What emerged was The Wander Girls. “A culmination of my travels, learnings, and various experiences. The joy, liberation, and freedom I experienced while traveling is what led to the idea for the inception of TWG.”
Hetal dabbled in many roles before embracing entrepreneurship head on. “A banker, entrepreneur, writer, and photographer, these are some of the hats I’ve worn before I founded The Wander Girls,” she says. She is enthusiastic to be part of the Indian travel industry now, a time she feels is its most momentous. “The travel industry has undergone massive shifts and it’s an exciting time for consumers as they have a plethora of options from various travel startups. From buying flight, train and bus tickets, to stay options, to travel packages everything is being done in newer ways. It’s going to be a challenge for travel startups to keep innovating at the same breakneck speed and offer products that will ‘keep’ a consumer for life.”
With travel being simplified like never before, The Wander Girls finds itself among a plethora of startups wooing the new age consumer’s wallet. “This is a good time to be a part of the travel industry and cater to a growing segment of educated and independent Indian women who want to get out there and explore the world. And with the growing tourism potential of India, and a growing number of international female travellers, things are looking bright for us. Yet, with the entire industry being in a flux with other innovative ideas, companies, and products that are disrupting the way things are done continuously, the challenge will be to stay relevant let’s say a decade or so from now,” comments Hetal.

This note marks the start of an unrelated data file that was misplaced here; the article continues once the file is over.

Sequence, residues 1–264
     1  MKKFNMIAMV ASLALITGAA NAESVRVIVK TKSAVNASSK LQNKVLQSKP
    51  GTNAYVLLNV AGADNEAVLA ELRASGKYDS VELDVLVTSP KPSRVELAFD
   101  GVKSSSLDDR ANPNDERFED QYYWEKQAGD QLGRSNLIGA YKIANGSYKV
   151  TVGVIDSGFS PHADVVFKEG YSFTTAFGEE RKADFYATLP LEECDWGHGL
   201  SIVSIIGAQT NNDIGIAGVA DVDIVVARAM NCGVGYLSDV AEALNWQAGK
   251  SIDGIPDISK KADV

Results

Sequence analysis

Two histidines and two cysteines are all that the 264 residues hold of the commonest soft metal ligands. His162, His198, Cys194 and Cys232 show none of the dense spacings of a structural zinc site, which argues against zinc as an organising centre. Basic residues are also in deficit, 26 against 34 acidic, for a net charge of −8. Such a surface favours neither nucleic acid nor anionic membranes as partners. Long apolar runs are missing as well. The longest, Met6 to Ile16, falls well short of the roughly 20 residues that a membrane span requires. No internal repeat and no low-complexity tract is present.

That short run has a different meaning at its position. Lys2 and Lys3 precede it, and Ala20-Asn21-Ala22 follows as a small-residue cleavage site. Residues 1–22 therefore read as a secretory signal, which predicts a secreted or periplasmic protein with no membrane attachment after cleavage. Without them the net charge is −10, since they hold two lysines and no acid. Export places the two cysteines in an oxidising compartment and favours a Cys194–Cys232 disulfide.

To survive and thrive, she has invigorating plans of her own in the pipeline. “At present, we are headquartered in Mumbai with managers in Delhi and Bangalore. We’re planning to ramp up operations in these two cities as well as identify other locations which show potential. In addition to the core female traveller community in India, on which we have focused for the first two years, we’re planning to actively market our products and services for solo female travellers from other countries interested in exploring India. Our team strength should double up over this year to keep pace with this growth. We’ll be transitioning our user work flow, which is currently a mix of online discovery and offline closure, to a more self-service oriented model.”